Spaceweather is currently a hot topic, as we’ve recently seen an uptick in auroral activity last month.

And speaking of which, there’s a common misconception out there that we see reported every time auroral activity makes the news…   remember that aurorae aren’t actually caused by solar wind particles colliding with our atmosphere, but the acceleration of particles trapped in our magnetic field fueled by the solar wind.

And speaking of solar activity, there’s also an ongoing controversy in the world of solar heliophysics as to the lackluster solar maximum for this cycle, and what it means for concurrent cycles #25 and #26.

It’s exciting times indeed in the science of space weather forecasting…

and hey, we got to drop in sports analogy, a rarity in science writing!

The Van Allen Belts and the Great Electron Escape

[/caption]

During the 1950s and just before the great “Space Race” began, scientists like Kristian Birkeland, Carl Stormer, and Nicholas Christofilos had been paying close attention to a theory – one that involved trapped, charged particles in a ring around the Earth. This plasma donut held in place by our planet’s magnetic field was later confirmed by the first three Explorer missions under the direction of Dr. James Van Allen. Fueled by perhaps solar winds, or cosmic rays, the knowledge of their existence was the stuff of nightmares for an uniformed public. While the “radiation” can affect objects passing through it, it doesn’t reach Earth, and this realization quickly caused fears to die. However, there are still many unanswered questions about the Van Allen Radiation Belts that mystify modern science.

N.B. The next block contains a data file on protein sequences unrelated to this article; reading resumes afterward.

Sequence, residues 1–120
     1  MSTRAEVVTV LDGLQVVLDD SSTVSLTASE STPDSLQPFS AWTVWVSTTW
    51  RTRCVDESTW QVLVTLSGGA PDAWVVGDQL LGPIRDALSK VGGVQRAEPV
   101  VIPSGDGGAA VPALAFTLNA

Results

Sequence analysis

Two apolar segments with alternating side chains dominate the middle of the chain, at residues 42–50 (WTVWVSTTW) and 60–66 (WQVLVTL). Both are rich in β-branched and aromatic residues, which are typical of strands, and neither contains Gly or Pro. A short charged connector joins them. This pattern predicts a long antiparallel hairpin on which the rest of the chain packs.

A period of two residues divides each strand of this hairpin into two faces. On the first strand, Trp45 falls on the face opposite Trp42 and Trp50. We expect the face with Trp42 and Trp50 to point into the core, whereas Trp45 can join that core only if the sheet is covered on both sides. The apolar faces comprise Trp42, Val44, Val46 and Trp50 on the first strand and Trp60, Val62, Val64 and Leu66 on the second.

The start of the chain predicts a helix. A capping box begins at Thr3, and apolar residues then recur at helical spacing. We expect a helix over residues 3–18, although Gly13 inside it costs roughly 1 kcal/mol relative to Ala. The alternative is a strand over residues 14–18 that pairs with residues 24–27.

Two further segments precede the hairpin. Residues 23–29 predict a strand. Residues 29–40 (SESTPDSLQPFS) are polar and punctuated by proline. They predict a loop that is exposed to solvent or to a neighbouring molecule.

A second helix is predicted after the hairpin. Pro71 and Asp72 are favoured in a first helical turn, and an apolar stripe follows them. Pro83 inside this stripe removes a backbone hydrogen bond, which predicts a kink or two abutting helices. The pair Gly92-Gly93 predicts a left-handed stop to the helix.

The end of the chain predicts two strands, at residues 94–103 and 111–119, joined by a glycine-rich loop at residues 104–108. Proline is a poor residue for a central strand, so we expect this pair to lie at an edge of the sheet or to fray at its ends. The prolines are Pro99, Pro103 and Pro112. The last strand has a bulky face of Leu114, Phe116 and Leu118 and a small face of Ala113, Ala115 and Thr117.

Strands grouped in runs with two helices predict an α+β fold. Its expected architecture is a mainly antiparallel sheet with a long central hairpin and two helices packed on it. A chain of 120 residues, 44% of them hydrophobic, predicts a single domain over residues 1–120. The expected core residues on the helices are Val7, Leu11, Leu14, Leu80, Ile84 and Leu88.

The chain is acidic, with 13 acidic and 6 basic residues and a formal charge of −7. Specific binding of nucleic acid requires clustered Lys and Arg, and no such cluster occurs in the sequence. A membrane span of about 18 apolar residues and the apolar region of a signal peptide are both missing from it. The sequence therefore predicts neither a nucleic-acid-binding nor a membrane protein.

Over the years we’ve learned these radiation zones are comprised of electrons and energetically charged particles. We’ve documented the fact they can both shrink and swell according to the amount of solar energy they receive, but what researchers haven’t been able to pinpoint is exactly what causes these responses. Particles come and particles go – but there isn’t a solid answer without evidence. A pertinent question has been to determine if particles escape into interplanetary space when the belts shrink – or do they fall to Earth? Up until now, it’s been an enigma, but a new study employing several spacecraft at the same time has been to trace the particles and follow the trail up.